MR. IP: Absolutely right. I mean, the long-term unemployment isn’t just a problem. It’s getting worse. I mean, oddly enough, you can see evidence that if you’ve been unemployed for less than six months, your odds of getting another job are actually not that bad right. The longer you stayed unemployed, the harder it is to get a job. Your skills atrophy. People start to look at you like you’re not actually somebody they want to hire any longer.

And partly that’s a consequence because we’re doing deficit reduction just the wrong way. Every economist basically says you want basically easy does it on the austerity now, when the economy’s weak. You want to be talking up 10 years from now. And we’re kind of doing the opposite.

MS. IFILL: Well, and then there was this other piece of drama in Washington this week, the Rand Paul filibuster, a nearly 13-hour tour de force objection to the administration’s policy of targeted killings that brought the Senate to a standstill and forced the White House to respond.

SEN. PAUL: I’m not asking any questions about the President’s motives. I don’t question his motives. I frankly don’t think he will be killing people in restaurants tonight or in their house tonight. But this is about the rule of law. It isn’t so much about him. It isn’t so much about John Brennan. It’s about having rules.

MS. IFILL: That administration response I mentioned came in the form of a one paragraph letter from the attorney general. “Dear Senator Paul,” it said, “it has come to my attention that you have now asked an additional question: does the President have the authority to use a weaponized drone to kill an American not engaged in combat on American soil? The answer to that question is no. Sincerely, Eric H. Holder, Jr.”

Now, not every Republican loved Paul’s tactics.

SENATOR LINDSEY GRAHAM (R-SC): To my Republican colleagues, I don’t remember any of you coming down here, suggesting that President Bush was going to kill anybody with a drone. You know, I don’t even remember the harshest critics of our President Bush on the Democratic side. They had a drone program back then. So what is it all of a sudden that this drone program has gotten every Republican so spun up? What are we up to here?

MS. IFILL: Spun up, Chuck. What was Rand Paul up to here?

MR. BABINGTON: Rand Paul was talking about something that hasn’t gotten a tremendous amount of attention, and that is this policy of using drones with weapons to kill terrorists or suspected terrorists in foreign countries. And it included an American citizen, who was killed by a drone in Yemen. He had become a jihadist. He did advocate killing Americans.

MS. IFILL: But the question he brought up was whether it should be extended to American soil.

MR. BABINGTON: Exactly. So he was like saying how much might you extrapolate that policy. And he was saying, you know, if an American is sitting in a café, you know, would you – he was trying to draw a bright line. I think he was also trying to make a point about – and you know, Rand Paul, like his father, is as much a libertarian as is a Republican. And look, at least one Democrat, Ron Wyden of Oregon, joined him in this effort. So it’s an important question to be raised.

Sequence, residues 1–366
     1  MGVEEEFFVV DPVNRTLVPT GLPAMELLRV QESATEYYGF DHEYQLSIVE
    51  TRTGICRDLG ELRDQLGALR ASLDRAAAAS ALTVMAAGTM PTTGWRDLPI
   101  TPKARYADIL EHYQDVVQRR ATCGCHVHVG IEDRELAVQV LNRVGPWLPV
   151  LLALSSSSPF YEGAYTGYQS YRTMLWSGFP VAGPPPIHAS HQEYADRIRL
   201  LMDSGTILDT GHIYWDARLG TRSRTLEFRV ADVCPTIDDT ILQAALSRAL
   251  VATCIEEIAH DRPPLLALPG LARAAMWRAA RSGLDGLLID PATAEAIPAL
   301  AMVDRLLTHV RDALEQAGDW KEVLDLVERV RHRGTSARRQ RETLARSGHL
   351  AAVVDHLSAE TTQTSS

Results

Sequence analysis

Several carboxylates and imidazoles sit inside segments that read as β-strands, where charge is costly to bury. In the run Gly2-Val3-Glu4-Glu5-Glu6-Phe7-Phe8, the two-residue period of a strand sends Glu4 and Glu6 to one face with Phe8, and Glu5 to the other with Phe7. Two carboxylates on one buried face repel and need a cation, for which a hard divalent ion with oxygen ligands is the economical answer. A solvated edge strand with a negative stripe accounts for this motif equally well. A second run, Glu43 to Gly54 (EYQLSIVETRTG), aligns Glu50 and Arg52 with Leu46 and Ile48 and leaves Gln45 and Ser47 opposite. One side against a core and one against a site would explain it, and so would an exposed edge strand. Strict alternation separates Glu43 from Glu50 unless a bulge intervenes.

MS. IFILL: But only one Democrat, and that’s one of the things I find interesting, too, is that this is something you would hear Democrats complain about. As Lindsey Graham pointed out, the Republicans wouldn’t complain about it in the Bush administration, but the Democrats would have. They weren’t there, not even the most liberal ones.

MS. DAVIS: Aside from just sort of the fascinating nature of the filibuster and the way he did it, the politics behind it were fascinating. Like you said, you would – you know, we’re at a time now, where there was a very notable lack of liberal voice on the Senate floor for a position that I think was more closely aligned with the Democratic Party through the Bush administration. And not only Rand Paul’s filibuster, but the senators that came to the floor to show their support for him or voice support from him, not limited to – including but not limited to Mitch McConnell, the minority leader –

MS. IFILL: Late at night.

MS. DAVIS: Late night. John Cornyn, the number two, two senators who are facing primaries, potentially primaries and reelection in 2014, Marco Rubio, another presumptive 2016 candidate, Rand Paul obviously might be running for president. And Lindsey Graham made a very interesting point about can you imagine the leading Republicans in the Senate during the Bush administration raising the questions that they were raising? It’s just completely upended the political paradigm that we’ve been looking at these issues. It was a fascinating display.

MS. IFILL: Big difference this time, the president of the tea party and tea party pressure in a lot of these races.

MR. BABINGTON: We focus so much on the tea party and fiscal issues, low taxes, low spending, but this is a case where sort of the other elements of the tea party, the libertarian, you know, get government – you know – no big brother, has played out. And this is where it causes some of the Republican establishment some real problems. So you saw John McCain, the 2008 presidential nominee, as well as Lindsey Graham, hitting Rand Paul pretty hard on this issue. So the Republican Party has a lot of things to deal with after losing the last election, but sort of deciding how to deal with the tea party, not only on fiscal issues, but also on libertarian social type of issues and policy issues is another question.

MS. IFILL: So was this one of these cases where the Democrats just decided I’ve got – this isn’t my fight. I’m going to let them fight this out among themselves?

MS. DAVIS: I think part of it is just party loyalty. Sitting senators of a sitting president don’t tend to go to the floor and really go after them. I think Ron Wyden, who has been very consistent on this issue, which is ideologically consistent, but I was not surprised to not see a big – a liberal rally against Barack Obama on the floor.

MS. IFILL: The worst advice given that night, Marco Rubio said that probably he should try to drink a little water during this. That was a bad idea for someone on his feet for 13 hours.

Thank you, everybody. We’re going to leave you just a few minutes early this week to give you the chance to support your local PBS station, which in turn supports us. But the conversation’s going to continue online on the “Washington Week” Webcast Extra, where we’ll tackle everything else that we missed this week.

Keep up with daily developments with me on the PBS “NewsHour” and we’ll see you right here again next week on “Washington Week.” Good night.